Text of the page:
The demise of our previous monarch has unleashed a veritable orgy of mass outpourings of grief, veneration and nostalgia. Media coverage has been obsequious and exaggerated. Hopefully when it all abates, we can start to seriously discuss getting this ridiculous, archaic Empire hang-over out of Orstralia. I hope I live to see it happen.
As a boy growing up here in the 60s, I had a visceral objection to the monarchy, particularly when I realised that it strangely applied to my country too. When God Save the Queen played in cinemas I would resolutely refuse to stand up and was often chipped by nearby strangers. The idea of hereditary ruling and privilege was ludicrous in the mid 20th century, even to a child, and still is today.
I didn’t use the term ‘republican’ to describe my position then, which was simply anti-monarchist, without any concern about alternative constitutional arrangements. Since then I’ve had plenty of time to reflect, that’s for sure. But rather than me stating the bleeding obvious solution, I’ll leave it to the eminent lawyer Geoffrey Robertson.
With the recent revelation that our Governor General had uncritically accepted the scurrilously unconventional nomination of PM Morrison to extra ministerial positions, Robertson concludes:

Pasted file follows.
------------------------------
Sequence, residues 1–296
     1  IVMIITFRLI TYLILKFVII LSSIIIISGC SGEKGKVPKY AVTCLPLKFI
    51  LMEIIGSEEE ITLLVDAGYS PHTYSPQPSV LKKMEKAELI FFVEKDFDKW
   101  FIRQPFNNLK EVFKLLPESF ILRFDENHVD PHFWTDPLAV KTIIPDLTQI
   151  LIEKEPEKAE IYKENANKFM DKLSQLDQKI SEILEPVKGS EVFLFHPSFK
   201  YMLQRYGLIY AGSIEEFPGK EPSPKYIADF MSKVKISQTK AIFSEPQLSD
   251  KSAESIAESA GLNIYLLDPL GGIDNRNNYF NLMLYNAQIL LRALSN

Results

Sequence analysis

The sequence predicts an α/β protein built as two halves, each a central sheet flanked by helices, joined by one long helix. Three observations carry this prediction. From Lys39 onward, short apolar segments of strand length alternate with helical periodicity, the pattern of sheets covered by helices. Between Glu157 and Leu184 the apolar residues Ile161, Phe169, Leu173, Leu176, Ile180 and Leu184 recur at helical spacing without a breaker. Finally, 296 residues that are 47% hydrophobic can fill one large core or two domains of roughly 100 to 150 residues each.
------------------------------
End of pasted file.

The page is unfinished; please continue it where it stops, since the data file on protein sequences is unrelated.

“If the governor-general is to be no more than a cipher for the prime minister, why not write him – and the royal family – out of the constitution entirely? Our elected leader could be sworn in by the chief justice – as in America – and the democratic process can be left to resolve itself according to accepted Westminster conventions subject to any necessary supervision by the High Court.”
I couldn’t have put it better myself. We don’t need a monarch or his unelected representative to oversee our affairs, and we certainly don’t need a president as replacement for ceremonial reasons. Give the ribbon-cutting stuff to the PM’s partner, for example. Get rid of the so-called reserve powers of the G-G and tidy up the constitution accordingly. The PM remains leader by nomination of his parliamentary party. That’s it, job done.
And to reiterate the point about an unnecessary president, just look at the crazy power held by both the US and French presidents. Far too much for one person! We don’t need that kind of autocratic republic. Australia can remain a modest, egalitarian society, where the ‘leader’ only keeps his job at our collective pleasure, with elected representatives nominating a first amongst equals (primus inter pares), and cabinet wielding executive power.
The monarchy must go. It’s unAustralian.